Lange war Serbien für Flüchtende nur ein Durchgangsland. Doch die Zahl der Gestrandeten steigt, die Sorge vor einem Slum der Heimatlosen mitten in Europa wächst.
Currently, there are some 7,300 refugees, asylum-seekers and migrants in the country. Of them, over 6,200 (85%) are accommodated in 17 government centres and the rest are still sleeping rough in the Belgrade city centre. Some 49% are from Afghanistan, 19% from Iraq, 10% each from Syria and Pakistan, 5% from Iran and 7% from other countries. 46% are children, 39% adult men and 15% adult women.
The authorities, supported by UNHCR and partners, arranged additional temporary emergency shelter by refurbishing a facility in Obrenovac near Belgrade, for voluntary relocation of refugees and migrants from Belgrade city centre. In support of the authorities’ efforts to put the facility into use as quickly as possible, UNHCR contributed all new clothing, blankets, bed sets and hygiene kits, cleaning services, and other items. To date, some 300 men and boys were moved from the city centre to Obrenovac. The authorities, UNHCR and partners continue working towards further expansion of shelter capacities there and to ensure that all necessary protection and other services, particularly to support the unaccompanied minors, will be provided to all current and future residents of the new centre.
In the North, the authorities offered asylum seekers near the border with Hungary to move to the Transit Centre in Subotica. As a result only around 20 asylum seekers remained outside the “transit zone” in Horgos and “transit zone” of Kelebija, waiting admission to Hungary.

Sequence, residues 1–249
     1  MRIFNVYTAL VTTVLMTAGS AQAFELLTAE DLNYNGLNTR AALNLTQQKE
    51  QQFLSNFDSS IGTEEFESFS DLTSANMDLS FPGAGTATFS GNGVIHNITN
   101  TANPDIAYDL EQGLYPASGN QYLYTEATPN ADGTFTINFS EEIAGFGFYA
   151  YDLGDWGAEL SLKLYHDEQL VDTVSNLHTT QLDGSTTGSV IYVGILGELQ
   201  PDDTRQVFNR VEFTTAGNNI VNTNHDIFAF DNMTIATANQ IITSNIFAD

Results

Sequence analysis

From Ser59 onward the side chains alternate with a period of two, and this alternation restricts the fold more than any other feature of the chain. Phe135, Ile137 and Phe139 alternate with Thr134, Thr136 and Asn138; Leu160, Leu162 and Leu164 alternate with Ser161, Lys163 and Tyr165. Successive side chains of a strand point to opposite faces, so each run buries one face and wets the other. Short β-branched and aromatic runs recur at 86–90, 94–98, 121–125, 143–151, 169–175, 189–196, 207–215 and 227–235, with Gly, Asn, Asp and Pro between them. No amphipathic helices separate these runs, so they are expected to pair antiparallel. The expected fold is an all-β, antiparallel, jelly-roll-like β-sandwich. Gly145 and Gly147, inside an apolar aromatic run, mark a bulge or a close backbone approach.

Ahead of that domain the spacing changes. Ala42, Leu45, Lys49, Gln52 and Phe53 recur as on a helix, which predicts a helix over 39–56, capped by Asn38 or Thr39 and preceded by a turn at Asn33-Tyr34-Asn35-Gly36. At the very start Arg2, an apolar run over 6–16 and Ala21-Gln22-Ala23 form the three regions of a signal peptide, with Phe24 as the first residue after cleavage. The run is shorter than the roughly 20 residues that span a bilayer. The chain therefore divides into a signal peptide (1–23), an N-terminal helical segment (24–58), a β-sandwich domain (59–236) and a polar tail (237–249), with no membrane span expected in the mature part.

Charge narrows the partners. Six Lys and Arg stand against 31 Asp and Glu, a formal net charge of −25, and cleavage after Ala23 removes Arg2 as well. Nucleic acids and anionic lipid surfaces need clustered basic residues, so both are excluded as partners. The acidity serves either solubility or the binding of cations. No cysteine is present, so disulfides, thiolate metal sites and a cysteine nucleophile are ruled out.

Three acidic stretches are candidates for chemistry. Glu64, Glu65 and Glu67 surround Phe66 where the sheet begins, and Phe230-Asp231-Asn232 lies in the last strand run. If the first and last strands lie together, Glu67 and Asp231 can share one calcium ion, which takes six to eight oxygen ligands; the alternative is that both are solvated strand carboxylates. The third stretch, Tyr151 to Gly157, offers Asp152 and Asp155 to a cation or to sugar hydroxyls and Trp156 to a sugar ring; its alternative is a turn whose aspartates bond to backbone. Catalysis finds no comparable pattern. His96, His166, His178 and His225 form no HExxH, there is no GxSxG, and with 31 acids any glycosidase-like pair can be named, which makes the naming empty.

According to the Ministry of Interior, 12,821 persons registered their intent to seek asylum in Serbia in 2016 while 574 submitted an official asylum application. In 2016, the authorities granted refugee status to 19 and subsidiary protection to 23 persons. 40 asylum applications were rejected.
Humanitarian organisations have accused Serbia of forcing hundreds of refugees back towards Macedonia and Bulgaria, refusing them help in freezing temperatures and breaking international law. Nikola Kovacevic, of the Belgrade Centre for Human Rights, said his group had multiple complaints of so-called “pushback” campaigns against refugees, many of whom are from Syria and Iraq, to get them out of Serbia. Complainants say they have been bussed to the border, had their papers confiscated and left in sub-zero temperatures, forcing them to cross into neighbouring countries to find help. One Syrian family stated that their official asylum seeker papers were torn up in their faces as they were ushered towards the border. Police and the army have been accused of complicity, but Kovacevic said it was difficult to know exactly who was involved in specific incidents as border forces are a combination of army and police.”Our colleagues on the field received about 20 complaints from refugees about illegal mass deportations. The assessment is that a total of 700-1,000 refugees were illegally deported to Macedonia and Bulgaria since September,” he told Middle East Eye.
A freezing and squalid Belgrade railway depot where up to 2,000 people are seeking shelter from the bitter Serbian winter risks becoming a “new Calais” for refugees and migrants abandoned by European authorities, the humanitarian group Médecins Sans Frontières has warned.Children as young as eight are struggling to survive temperatures that have plunged to -16C this week, with no running water or sanitation.